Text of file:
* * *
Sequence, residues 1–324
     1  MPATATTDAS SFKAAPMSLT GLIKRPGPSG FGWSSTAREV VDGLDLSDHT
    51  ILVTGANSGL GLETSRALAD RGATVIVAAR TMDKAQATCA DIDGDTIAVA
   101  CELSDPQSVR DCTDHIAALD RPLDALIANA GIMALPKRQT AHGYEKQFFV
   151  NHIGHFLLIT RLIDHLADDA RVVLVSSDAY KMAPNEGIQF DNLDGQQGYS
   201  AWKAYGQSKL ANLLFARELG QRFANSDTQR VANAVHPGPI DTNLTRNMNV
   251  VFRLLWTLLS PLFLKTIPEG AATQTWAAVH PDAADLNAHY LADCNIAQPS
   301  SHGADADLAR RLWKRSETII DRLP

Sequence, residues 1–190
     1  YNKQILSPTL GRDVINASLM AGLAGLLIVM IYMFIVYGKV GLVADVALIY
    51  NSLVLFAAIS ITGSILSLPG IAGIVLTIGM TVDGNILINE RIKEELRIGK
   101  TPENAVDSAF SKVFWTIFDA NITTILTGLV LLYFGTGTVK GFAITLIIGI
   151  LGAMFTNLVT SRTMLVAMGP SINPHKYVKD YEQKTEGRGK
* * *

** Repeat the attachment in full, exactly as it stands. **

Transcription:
Sequence, residues 1–324
     1  MPATATTDAS SFKAAPMSLT GLIKRPGPSG FGWSSTAREV VDGLDLSDHT
    51  ILVTGANSGL GLETSRALAD RGATVIVAAR TMDKAQATCA DIDGDTIAVA
   101  CELSDPQSVR DCTDHIAALD RPLDALIANA GIMALPKRQT AHGYEKQFFV
   151  NHIGHFLLIT RLIDHLADDA RVVLVSSDAY KMAPNEGIQF DNLDGQQGYS
   201  AWKAYGQSKL ANLLFARELG QRFANSDTQR VANAVHPGPI DTNLTRNMNV
   251  VFRLLWTLLS PLFLKTIPEG AATQTWAAVH PDAADLNAHY LADCNIAQPS
   301  SHGADADLAR RLWKRSETII DRLP

Sequence, residues 1–190
     1  YNKQILSPTL GRDVINASLM AGLAGLLIVM IYMFIVYGKV GLVADVALIY
    51  NSLVLFAAIS ITGSILSLPG IAGIVLTIGM TVDGNILINE RIKEELRIGK
   101  TPENAVDSAF SKVFWTIFDA NITTILTGLV LLYFGTGTVK GFAITLIIGI
   151  LGAMFTNLVT SRTMLVAMGP SINPHKYVKD YEQKTEGRGK